Researchers from Graduate School of Bio-Applications and Systems Engineering at Tokyo University of Agriculture and Technology (TUAT) have sped up the movement of electrons in organic semiconductor films by two to three orders of magnitude. The speedier electronics could lead to improved solar power and transistor use across the world, according to the scientists.
Osaka researchers synthesized a fluorinated electron-acceptor for use in organic semiconductors. The high electronegativity of the fluorine substituents enhanced the electron-accepting properties of the widely used electron-acceptor. The power conversion efficiency of a thin film solar cell based on the fluorinated product was shown to be significantly higher than that of a cell containing an unmodified analogue. The synthesized material could be applied in thin film organic solar cell devices.
A new approach to making the sulfur cathodes in lithium-sulfur batteries, developed by researchers at Drexel University could preserve their impressive energy density -- clearing a significant hurdle that had blocked their widespread use for more than a decade.
A group of researchers in Canada reports the construction of the first reservoir computing device built with a microelectromechanical system. Published in the Journal of Applied Physics, the neural network exploits the nonlinear dynamics of a microscale silicon beam to perform its calculations. The group's work looks to create devices that can act simultaneously as a sensor and a computer using a fraction of the energy a normal computer would use.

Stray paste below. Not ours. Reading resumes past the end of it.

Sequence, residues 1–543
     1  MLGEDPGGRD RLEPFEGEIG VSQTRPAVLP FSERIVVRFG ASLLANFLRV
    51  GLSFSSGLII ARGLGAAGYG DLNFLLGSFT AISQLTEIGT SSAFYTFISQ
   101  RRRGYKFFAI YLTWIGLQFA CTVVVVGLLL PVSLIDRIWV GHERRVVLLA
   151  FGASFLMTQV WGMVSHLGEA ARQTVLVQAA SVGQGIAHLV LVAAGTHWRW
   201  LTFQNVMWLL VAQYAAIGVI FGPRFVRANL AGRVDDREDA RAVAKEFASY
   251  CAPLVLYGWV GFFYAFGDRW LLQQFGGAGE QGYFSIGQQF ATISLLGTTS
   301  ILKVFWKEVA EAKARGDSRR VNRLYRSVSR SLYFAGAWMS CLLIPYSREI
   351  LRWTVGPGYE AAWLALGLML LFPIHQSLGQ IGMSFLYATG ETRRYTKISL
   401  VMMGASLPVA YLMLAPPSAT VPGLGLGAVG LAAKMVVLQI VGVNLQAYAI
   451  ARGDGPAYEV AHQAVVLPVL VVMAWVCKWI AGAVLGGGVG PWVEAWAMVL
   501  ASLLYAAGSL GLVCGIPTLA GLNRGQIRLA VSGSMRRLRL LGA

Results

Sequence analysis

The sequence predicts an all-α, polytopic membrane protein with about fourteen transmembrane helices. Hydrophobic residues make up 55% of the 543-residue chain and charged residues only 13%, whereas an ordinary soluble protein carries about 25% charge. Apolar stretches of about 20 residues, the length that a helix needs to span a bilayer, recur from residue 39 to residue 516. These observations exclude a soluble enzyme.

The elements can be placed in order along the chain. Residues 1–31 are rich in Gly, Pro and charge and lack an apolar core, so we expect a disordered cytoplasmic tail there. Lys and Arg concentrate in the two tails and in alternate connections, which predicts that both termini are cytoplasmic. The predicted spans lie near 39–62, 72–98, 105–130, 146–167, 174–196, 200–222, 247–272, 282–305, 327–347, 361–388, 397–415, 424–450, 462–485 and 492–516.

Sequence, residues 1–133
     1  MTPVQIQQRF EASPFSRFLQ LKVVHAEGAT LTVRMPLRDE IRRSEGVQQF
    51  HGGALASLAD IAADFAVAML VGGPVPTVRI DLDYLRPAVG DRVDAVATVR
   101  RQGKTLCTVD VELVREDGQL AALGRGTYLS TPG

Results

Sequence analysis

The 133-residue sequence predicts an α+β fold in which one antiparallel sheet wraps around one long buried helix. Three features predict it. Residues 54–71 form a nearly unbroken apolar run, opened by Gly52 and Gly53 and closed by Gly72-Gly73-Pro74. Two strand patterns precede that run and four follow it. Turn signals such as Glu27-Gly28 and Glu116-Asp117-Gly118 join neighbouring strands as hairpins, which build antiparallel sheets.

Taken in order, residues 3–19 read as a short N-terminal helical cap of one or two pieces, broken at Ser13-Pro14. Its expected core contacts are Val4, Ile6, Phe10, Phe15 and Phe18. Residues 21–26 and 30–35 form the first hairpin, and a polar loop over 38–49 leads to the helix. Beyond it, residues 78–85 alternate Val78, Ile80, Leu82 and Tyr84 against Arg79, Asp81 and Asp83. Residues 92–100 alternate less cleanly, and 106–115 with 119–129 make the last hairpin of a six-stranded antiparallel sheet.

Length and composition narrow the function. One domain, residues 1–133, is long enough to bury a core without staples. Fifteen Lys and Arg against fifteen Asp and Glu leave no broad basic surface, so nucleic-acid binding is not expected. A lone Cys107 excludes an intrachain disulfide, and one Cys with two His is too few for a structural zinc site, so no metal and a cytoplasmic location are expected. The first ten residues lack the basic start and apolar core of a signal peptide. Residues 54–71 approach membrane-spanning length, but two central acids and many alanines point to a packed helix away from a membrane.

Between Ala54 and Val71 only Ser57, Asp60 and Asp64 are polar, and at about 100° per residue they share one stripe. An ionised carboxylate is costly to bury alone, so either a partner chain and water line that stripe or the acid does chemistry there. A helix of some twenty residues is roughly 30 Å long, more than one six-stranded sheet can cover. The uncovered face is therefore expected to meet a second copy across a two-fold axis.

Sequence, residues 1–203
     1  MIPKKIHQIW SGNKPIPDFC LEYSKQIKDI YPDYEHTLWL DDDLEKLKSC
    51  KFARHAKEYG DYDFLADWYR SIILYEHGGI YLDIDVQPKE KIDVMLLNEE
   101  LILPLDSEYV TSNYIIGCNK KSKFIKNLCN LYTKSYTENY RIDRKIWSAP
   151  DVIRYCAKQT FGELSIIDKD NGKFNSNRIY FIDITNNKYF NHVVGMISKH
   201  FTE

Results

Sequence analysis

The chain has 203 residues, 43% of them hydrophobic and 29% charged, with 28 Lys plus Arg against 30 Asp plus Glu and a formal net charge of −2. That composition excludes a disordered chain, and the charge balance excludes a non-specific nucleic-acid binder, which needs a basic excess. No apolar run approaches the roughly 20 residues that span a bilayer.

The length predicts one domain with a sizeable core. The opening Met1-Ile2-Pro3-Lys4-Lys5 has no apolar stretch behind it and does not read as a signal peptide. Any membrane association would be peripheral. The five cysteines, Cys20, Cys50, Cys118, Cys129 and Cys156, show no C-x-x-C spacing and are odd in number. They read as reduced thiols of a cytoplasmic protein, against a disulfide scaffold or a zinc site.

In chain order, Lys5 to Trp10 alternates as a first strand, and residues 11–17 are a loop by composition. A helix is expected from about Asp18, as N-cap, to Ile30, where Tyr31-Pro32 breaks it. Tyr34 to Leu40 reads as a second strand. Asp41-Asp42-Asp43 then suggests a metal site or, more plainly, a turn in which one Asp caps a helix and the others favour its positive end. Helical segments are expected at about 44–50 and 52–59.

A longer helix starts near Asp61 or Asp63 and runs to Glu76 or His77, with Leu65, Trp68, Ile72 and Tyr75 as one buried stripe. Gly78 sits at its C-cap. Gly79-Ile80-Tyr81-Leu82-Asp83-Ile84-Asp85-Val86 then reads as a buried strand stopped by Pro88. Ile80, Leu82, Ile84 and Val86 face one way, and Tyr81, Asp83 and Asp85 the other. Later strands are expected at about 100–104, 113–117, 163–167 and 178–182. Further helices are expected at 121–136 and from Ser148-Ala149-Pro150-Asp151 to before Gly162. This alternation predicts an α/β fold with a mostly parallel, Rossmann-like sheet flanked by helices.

A group of physicists predicted that much lower pressures of about 50,000 atm can produce 14 new uranium hydrides, of which only one, UH3, has been known to date. They include compounds rich in hydrogens, such as UH7 and UH8, that the scientists predicted to be superconducting too. Many of these compounds were then obtained in the experiments conducted at the US Carnegie Institution of Washington (USA) and the Institute of Solid State Physics of the Chinese Academy of Sciences.
Researchers at the universities in Linköping and Shenzhen have shown how an inorganic perovskite can be made into a cheap and efficient photodetector that transfers both text and music. "It's a promising material for future rapid optical communication", says Feng Gao, researcher at Linköping University.
Graphene Flagship industrial and academic partners published a new paper in Nature Reviews Materials analysing the possibilities of graphene in the internet of everything market, expected to reach over 12 billion connected devices in 2020
When chemists from the Institute of Physical Chemistry of the Polish Academy of Sciences in Warsaw were starting work on yet another material designed for the efficient production of nanocrystalline zinc oxide, they didn't expect any surprises. They were greatly astonished when the electrical properties of the changing material turned out to be extremely exotic.
Researchers have uncovered an underlying mechanism related to the materials dependence in copper-based high-temperature superconductors. The research may open a new avenue for designing materials with high-temperature superconductivity.
A paper published in Nature Communications by Sufei Shi, assistant professor of chemical and biological engineering at Rensselaer, increases our understanding of how light interacts with atomically thin semiconductors and creates unique excitonic complex particles, multiple electrons, and holes strongly bound together.